So here, at last, is my Whole Foods horror story. To be sure, I had had several bad experiences at Whole Foods previously:
- In 2005, I splurged on some "natural" ground pork for dumplings. The meat looked fine, but after I laboriously made the dumplings and tried to cook them, I found that it to be tough, gamey, and extremely strange. I boiled the dumplings as usual and found the meat to be still be very raw inside, so I boiled, and boiled, and added more water, and boiled .. and after an hour .. it was still pink and raw-ish inside! Valliantly attempting to salvage the two pounds of meat and all of my labor, I tried frying the dumplings, deep-frying .. but nothing worked. It was just inedible. I still don't know what was wrong with the meat - was it from a disesased or geriatric animal? Was it doctored? I should have returned it to the store, but that was before I developed a sense of outrage.
- In 2006, a deli worker coughed directly on an order of sliced meat (right in front of us) and tried to give it to us anyway.
- Also in 2006, I was about to splurge again on some steak. I got two steaks that ended up totalling almost 30 dollars, but as I walked away from the meat counter I found that they were already significantly brown and returned them. For the price they were charging, they should not be selling anything that was not at the peak of freshness.
- At several locations both in California and the Boston area, I have generally found the staff at Whole Foods to be indifferent and sometimes even rude. This is surprising given Whole Foods' reputation for offering the highest wages in the industry along with great benefits, but the staff are certainly not nearly as friendly or helpful as the folks at Trader Joe's.
But somehow, I wrote off the above incidents as flukes and still believed Whole Foods to be a reputable retailer that would not knowingly sell defective products to consumers. Given the extremely high prices Whole Foods charges, though, I only shopped there for special items I couldn't find anywhere else. When I was organizing a chocolate tasting in April, I thought it would be a good opportunity to try some of the delicious-looking chocolates in the glass display case by the bakery at the Whole Foods at the Charles River Plaza in Boston. The store offered chocolates from high-end chocolatiers Christopher Norman and Knipschildt for $45 / lb, and I bought a wide selection from both brands.
And the chocolates were utterly disgusting. Now, I have eaten a lot of chocolate in my day, and admittedly, I've even kept home-made and store-bought chocolates long past their "best-by" dates. I have kept chocolates in the refrigerator for a year and still enjoyed them. I hate wasting food so much, I even scrape mold off of bread and pick bugs out of rice and still eat it. But even I draw the line somewhere. These $45/lb chocolates were stale at best and inedible at worst. Across the board, the fillings were desiccated with cracks on the inside, indicating that they had been kept out too long. The white chocolates and cream fillings were all rancid with weird combinations of jarring astringency and offensive sulfurousness, and most of the flavors from both brands were indistinguishable from each other, sharing a uniform rancidity. Some of them literally tasted like shit. Now, I have eaten many, many bonbons in my life of varying origin and repute, and I can tell you with near certainty that my perception of these chocolates was not a matter of preference, taste, or snobbery - they were just spoiled. Unfortunately, in my naivete and utter shock I forgot to take photographic evidence of the offensive confections.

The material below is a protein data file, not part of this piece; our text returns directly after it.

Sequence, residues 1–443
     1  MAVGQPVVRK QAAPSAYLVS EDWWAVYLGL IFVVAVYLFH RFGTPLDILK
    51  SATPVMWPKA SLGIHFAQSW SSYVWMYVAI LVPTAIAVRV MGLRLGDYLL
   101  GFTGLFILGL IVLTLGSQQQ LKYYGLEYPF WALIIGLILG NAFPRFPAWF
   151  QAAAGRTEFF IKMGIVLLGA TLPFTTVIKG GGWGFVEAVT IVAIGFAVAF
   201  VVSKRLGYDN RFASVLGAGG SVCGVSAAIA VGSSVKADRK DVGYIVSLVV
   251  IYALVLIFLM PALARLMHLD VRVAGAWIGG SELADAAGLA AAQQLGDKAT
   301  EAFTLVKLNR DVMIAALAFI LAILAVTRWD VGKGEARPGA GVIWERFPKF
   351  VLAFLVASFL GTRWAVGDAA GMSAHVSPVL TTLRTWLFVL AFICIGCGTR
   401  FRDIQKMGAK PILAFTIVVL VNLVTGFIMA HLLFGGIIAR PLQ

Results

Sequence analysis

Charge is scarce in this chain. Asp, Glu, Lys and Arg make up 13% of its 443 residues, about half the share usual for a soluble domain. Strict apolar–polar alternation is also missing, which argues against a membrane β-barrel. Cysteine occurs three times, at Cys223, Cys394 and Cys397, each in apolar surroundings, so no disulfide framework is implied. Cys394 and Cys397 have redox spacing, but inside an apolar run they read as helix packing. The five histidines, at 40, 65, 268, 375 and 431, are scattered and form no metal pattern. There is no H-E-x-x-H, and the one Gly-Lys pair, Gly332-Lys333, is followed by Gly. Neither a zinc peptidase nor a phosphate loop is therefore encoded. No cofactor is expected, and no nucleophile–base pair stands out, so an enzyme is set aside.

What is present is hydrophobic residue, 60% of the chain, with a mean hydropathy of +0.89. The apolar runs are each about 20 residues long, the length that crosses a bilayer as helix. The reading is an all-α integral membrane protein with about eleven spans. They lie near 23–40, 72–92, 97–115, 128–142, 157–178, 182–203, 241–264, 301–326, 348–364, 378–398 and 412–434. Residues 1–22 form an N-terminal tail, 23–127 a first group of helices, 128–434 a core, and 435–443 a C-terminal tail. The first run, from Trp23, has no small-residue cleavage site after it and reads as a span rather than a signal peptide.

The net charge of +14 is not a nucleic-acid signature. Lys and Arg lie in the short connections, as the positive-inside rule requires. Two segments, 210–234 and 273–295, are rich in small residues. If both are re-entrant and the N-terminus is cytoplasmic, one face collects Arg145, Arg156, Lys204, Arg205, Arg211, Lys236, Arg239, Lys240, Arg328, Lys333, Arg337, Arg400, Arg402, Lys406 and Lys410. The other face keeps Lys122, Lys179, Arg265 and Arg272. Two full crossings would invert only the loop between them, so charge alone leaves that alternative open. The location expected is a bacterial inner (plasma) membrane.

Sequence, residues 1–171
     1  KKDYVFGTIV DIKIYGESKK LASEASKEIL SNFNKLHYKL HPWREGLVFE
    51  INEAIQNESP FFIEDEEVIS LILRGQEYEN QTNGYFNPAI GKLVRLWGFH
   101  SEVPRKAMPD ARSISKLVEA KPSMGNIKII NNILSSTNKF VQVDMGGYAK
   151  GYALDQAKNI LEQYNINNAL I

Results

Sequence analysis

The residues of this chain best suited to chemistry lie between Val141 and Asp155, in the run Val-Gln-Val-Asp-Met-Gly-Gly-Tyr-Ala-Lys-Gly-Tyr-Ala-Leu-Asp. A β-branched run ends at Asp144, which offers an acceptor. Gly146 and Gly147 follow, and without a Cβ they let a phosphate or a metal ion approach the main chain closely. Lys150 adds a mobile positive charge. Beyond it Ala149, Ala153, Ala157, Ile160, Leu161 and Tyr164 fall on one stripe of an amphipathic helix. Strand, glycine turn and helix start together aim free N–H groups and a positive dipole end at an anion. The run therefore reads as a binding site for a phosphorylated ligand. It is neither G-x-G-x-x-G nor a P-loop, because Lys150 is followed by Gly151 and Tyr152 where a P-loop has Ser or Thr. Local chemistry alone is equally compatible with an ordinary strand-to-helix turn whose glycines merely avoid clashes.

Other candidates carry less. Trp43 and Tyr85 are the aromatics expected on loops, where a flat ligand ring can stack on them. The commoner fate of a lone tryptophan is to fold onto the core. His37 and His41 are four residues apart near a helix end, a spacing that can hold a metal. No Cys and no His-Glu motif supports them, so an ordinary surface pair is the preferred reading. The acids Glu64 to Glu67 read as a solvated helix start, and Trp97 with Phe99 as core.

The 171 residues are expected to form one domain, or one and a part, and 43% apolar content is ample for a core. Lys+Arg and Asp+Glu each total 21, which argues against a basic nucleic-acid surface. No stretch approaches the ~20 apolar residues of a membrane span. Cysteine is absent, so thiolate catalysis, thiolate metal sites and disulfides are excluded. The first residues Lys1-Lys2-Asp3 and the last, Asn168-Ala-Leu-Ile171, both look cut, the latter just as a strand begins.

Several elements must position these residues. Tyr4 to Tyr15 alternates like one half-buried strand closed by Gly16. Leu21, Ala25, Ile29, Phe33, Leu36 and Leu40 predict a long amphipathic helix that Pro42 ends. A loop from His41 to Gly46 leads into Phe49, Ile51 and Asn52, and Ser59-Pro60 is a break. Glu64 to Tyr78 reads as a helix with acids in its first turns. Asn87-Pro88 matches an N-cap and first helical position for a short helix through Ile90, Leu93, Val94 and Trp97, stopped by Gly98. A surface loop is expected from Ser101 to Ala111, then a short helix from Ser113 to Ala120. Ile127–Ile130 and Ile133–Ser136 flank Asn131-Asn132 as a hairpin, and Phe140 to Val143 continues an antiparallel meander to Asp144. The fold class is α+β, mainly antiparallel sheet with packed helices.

Thinking back, I don't think I ever saw another person actually purchasing chocolates from the display case, and with all that lighting and an un-refrigerated case, it's not hard to imagine how the chocolates became spoiled. I just don't think it's unreasonable to expect a store selling chocolates at such an incredible premium to ensure utmost freshness and quality.
But it gets worse - the worst part of the experience was not even the spoiled chocolates themselves, but the reaction of Whole Foods to the incident. I returned the chocolates the next day (along with with the rest of the chocolate I had purchased from Whole Foods). Now, I have never, ever returned food that was not spoiled to a supermarket, but I was just so disgusted by the display-case chocolates that I could not stomach serving any chocolates from Whole Foods to a crowd at an event I was organizing. I did feel bad about returning the bars and feves, but my disgust was visceral.
The product return process was extremely onerous and took about 20 minutes. To top it all off, the man who helped me had a very bad attitude and belittled me for returning the chocolate. I tried several times to tell him that the chocolates were spoiled and that he should check all of the chocolates in the case, but he just glared at me and said "It's okay, you can change your mind any time", dismissing my concerns as mere capriciousness. In an attempt to dissuade me from returning them, he also told me that all of the unopened bars would be thrown in the trash, which he didn't do and which I somehow doubt actually happened.